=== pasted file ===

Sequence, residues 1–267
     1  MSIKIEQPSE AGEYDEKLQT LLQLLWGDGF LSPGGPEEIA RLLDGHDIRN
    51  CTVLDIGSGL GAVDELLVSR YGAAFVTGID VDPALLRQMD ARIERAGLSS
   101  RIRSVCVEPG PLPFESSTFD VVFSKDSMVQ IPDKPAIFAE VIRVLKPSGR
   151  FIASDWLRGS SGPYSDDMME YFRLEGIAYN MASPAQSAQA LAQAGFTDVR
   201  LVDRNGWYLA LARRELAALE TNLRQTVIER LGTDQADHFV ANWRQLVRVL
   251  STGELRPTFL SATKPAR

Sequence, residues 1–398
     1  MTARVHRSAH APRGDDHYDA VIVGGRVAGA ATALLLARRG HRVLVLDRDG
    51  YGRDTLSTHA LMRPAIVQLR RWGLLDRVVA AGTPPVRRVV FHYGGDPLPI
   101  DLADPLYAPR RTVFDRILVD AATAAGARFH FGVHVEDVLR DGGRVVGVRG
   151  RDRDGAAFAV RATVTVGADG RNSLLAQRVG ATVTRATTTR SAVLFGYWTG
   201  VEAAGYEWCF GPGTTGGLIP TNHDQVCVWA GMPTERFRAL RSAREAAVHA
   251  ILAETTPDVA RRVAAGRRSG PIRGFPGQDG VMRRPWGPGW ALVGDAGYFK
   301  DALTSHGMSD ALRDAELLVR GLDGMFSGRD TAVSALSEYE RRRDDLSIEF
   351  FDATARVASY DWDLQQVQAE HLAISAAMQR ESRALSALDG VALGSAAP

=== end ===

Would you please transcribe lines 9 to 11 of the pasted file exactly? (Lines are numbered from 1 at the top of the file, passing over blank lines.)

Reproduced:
     1  MTARVHRSAH APRGDDHYDA VIVGGRVAGA ATALLLARRG HRVLVLDRDG
    51  YGRDTLSTHA LMRPAIVQLR RWGLLDRVVA AGTPPVRRVV FHYGGDPLPI
   101  DLADPLYAPR RTVFDRILVD AATAAGARFH FGVHVEDVLR DGGRVVGVRG